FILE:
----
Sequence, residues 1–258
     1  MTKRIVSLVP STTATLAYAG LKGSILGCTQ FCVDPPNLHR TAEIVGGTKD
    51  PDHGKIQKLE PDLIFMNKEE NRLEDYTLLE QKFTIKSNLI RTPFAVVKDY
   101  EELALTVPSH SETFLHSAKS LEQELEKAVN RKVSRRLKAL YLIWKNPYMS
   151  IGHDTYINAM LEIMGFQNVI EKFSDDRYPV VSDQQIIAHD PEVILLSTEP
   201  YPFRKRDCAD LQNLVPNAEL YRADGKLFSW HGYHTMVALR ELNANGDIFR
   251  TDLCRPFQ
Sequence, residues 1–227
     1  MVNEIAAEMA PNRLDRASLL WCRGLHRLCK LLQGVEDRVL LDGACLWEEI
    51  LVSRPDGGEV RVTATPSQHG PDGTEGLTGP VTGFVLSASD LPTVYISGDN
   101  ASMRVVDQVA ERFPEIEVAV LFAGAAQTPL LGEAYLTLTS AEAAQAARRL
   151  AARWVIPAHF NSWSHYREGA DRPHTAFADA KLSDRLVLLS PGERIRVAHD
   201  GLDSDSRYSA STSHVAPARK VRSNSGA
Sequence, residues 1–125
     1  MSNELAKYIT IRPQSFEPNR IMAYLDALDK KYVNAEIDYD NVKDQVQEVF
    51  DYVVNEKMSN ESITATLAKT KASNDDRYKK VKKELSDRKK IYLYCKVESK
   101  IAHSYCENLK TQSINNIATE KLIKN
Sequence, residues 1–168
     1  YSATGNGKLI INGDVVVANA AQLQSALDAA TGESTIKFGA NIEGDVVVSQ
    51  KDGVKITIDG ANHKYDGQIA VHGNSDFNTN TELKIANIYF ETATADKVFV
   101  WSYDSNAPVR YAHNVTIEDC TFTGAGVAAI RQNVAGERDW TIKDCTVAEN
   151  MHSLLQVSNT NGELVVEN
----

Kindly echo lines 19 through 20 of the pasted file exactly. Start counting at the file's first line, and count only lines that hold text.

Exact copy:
     1  YSATGNGKLI INGDVVVANA AQLQSALDAA TGESTIKFGA NIEGDVVVSQ
    51  KDGVKITIDG ANHKYDGQIA VHGNSDFNTN TELKIANIYF ETATADKVFV